Trump’s Stormy Legal Affair

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Donald Trump, Michael Cohen, Rudy Giulliani
“Stormy Daniels,” 2007

President Trump continues to deny that he paid pornography actress “Stormy Daniels” (Stephanie Clifford) with 2016 campaign funds. But that’s not stopping detractors, or Stormy, from continuing their legal bombardment of the administration.

Who Knew What?

Many in the White House feel bombarded as well. It seems that only a select few knew of the payments, including Trump’s lawyer Michael Cohen and now Rudy Giuliani, a former presidential hopeful himself.

The news broke out about the alleged affair when Ms. Clifford sued the President to get out of the non-disclosure agreement she signed. She stipulates that the agreement was not legal because the President did not sign the contract himself. Trump’s legal team is countersuing Clifford for breaking the agreement.

White House Press Secretary Sarah Huckabee Sanders is on the brunt end of press accusations as reporters ask if she lied when previously being questioned about the affair and the payments. Her refrain has been that she represented the truth as best she could with the information she had. It’s understandable that not all of Trump’s senior staff knew about the debacle. The President’s personal life is separate from his public life to some degree, and the White House helps to administer the government, not the President’s personal problems at law.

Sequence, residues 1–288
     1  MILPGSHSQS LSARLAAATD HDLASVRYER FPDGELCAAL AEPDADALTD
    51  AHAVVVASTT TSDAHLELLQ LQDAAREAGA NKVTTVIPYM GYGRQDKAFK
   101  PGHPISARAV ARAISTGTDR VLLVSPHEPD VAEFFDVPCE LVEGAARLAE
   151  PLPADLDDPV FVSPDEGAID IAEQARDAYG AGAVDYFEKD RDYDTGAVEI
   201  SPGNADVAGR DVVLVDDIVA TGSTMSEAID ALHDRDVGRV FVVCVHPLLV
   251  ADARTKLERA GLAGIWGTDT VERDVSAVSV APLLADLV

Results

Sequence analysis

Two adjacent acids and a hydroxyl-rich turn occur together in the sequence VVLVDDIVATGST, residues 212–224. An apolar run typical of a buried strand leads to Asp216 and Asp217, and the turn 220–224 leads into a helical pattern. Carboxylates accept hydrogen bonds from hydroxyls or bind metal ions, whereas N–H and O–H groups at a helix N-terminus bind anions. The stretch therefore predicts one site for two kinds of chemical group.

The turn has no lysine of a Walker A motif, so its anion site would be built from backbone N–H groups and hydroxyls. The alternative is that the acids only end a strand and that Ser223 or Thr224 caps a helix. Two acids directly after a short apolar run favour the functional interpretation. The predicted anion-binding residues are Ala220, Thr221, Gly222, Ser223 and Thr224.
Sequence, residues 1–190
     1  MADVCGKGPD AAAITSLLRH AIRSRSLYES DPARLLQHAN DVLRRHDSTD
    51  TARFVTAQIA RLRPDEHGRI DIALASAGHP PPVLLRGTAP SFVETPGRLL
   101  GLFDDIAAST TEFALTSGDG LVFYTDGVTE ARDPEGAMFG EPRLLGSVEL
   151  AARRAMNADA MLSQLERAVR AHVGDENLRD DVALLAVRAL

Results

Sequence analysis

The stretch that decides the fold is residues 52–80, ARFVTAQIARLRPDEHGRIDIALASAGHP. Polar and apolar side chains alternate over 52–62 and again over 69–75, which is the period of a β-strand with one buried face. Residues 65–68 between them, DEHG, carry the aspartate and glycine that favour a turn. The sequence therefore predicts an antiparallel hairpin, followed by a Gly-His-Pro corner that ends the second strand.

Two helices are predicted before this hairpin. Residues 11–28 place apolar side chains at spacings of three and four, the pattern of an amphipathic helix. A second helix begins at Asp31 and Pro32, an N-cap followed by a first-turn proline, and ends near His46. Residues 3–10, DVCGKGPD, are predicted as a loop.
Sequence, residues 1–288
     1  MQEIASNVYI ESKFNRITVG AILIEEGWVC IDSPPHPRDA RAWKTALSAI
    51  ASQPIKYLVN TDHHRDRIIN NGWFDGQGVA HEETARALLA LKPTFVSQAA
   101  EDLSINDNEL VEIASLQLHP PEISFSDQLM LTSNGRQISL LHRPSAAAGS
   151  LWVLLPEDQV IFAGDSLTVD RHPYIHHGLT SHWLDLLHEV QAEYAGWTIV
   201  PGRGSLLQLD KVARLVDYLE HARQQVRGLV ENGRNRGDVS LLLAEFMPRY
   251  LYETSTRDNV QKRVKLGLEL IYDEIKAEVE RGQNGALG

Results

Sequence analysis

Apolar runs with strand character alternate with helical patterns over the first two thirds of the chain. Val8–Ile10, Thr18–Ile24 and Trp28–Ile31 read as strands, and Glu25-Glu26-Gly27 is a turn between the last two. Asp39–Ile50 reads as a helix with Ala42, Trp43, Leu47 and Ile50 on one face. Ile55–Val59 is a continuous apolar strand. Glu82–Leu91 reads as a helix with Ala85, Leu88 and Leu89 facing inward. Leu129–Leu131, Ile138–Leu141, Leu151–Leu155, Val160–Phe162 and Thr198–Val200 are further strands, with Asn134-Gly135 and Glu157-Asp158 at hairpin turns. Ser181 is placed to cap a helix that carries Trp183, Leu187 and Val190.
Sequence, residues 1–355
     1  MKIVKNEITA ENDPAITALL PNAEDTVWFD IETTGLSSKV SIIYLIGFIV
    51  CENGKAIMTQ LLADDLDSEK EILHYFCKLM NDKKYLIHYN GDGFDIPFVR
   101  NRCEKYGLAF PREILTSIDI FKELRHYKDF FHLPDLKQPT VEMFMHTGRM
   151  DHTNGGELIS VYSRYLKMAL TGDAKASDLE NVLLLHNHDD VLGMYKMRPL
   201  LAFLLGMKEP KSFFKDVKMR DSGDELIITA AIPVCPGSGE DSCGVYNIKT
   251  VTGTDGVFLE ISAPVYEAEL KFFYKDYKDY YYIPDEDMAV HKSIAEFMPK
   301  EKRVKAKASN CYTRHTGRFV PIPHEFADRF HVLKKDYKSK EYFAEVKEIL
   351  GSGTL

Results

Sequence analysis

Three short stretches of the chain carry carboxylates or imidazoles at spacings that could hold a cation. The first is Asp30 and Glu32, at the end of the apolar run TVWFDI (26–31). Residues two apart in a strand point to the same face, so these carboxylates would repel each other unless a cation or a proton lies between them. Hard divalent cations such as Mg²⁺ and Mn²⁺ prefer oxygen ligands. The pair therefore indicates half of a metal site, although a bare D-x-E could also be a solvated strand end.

The interest of the American people, however, is not whether Trump had a sexual encounter with the woman or whether the agreement enforcing her to keep quiet is valid. The primary issues are the President’s honesty to the public and his use of campaign funding.

Trump’s Honesty at Stake

The question is how much Trump knew about the arrangement and when. Giuliani insists that the President didn’t know the specifics until the story broke. He said that Cohen received a total sum of up to $470,000 in reimbursements for expenses during the campaign. The money paid to Clifford was included in that reimbursement, and the entire amount was paid out of Trump’s personal accounts.

The problem is that Trump’s financial disclosure statements did not show a standing debt to Cohen. Why not? Was it an oversight or part of the cover-up? No matter the reason, the President will need to answer for the false filing.

Illegal Use of Campaign Funds?

Was Ms. Clifford paid $130,000 before the 2016 Presidential election to keep quiet about a 2006 affair with Donald Trump? No one denies it. The then-candidate Donald Trump would want to keep an affair with a porn star secret. He and his staff would recognize it to be bad press.

The question is whether he used money specially earmarked for the campaign to pay Daniels. It’s plausible that he and his staff would have seen it as an indirect campaign expense. It’s also a matter of public record that Trump and his personal staff can easily pay $130,000 without using campaign funding.

Only the results of the ongoing investigation will answer these questions.